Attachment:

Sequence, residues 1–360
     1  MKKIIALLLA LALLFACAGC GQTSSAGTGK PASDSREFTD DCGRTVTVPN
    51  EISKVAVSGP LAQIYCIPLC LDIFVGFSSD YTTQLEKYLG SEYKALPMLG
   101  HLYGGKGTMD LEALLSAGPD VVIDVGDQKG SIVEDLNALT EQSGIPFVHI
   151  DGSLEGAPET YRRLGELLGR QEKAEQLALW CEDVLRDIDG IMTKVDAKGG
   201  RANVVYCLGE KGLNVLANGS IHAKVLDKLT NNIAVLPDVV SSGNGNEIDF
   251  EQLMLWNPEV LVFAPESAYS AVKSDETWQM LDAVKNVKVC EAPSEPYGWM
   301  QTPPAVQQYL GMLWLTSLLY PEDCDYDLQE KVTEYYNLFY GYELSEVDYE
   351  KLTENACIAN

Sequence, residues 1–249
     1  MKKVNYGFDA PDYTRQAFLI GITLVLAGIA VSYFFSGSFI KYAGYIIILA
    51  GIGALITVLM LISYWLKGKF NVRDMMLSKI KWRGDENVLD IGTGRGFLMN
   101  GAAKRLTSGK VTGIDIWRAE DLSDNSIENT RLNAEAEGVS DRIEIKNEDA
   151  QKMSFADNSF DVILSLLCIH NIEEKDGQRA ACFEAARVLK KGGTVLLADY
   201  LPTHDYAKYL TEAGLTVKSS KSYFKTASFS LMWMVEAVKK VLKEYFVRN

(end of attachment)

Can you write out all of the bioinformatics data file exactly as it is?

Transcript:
Sequence, residues 1–360
     1  MKKIIALLLA LALLFACAGC GQTSSAGTGK PASDSREFTD DCGRTVTVPN
    51  EISKVAVSGP LAQIYCIPLC LDIFVGFSSD YTTQLEKYLG SEYKALPMLG
   101  HLYGGKGTMD LEALLSAGPD VVIDVGDQKG SIVEDLNALT EQSGIPFVHI
   151  DGSLEGAPET YRRLGELLGR QEKAEQLALW CEDVLRDIDG IMTKVDAKGG
   201  RANVVYCLGE KGLNVLANGS IHAKVLDKLT NNIAVLPDVV SSGNGNEIDF
   251  EQLMLWNPEV LVFAPESAYS AVKSDETWQM LDAVKNVKVC EAPSEPYGWM
   301  QTPPAVQQYL GMLWLTSLLY PEDCDYDLQE KVTEYYNLFY GYELSEVDYE
   351  KLTENACIAN

Sequence, residues 1–249
     1  MKKVNYGFDA PDYTRQAFLI GITLVLAGIA VSYFFSGSFI KYAGYIIILA
    51  GIGALITVLM LISYWLKGKF NVRDMMLSKI KWRGDENVLD IGTGRGFLMN
   101  GAAKRLTSGK VTGIDIWRAE DLSDNSIENT RLNAEAEGVS DRIEIKNEDA
   151  QKMSFADNSF DVILSLLCIH NIEEKDGQRA ACFEAARVLK KGGTVLLADY
   201  LPTHDYAKYL TEAGLTVKSS KSYFKTASFS LMWMVEAVKK VLKEYFVRN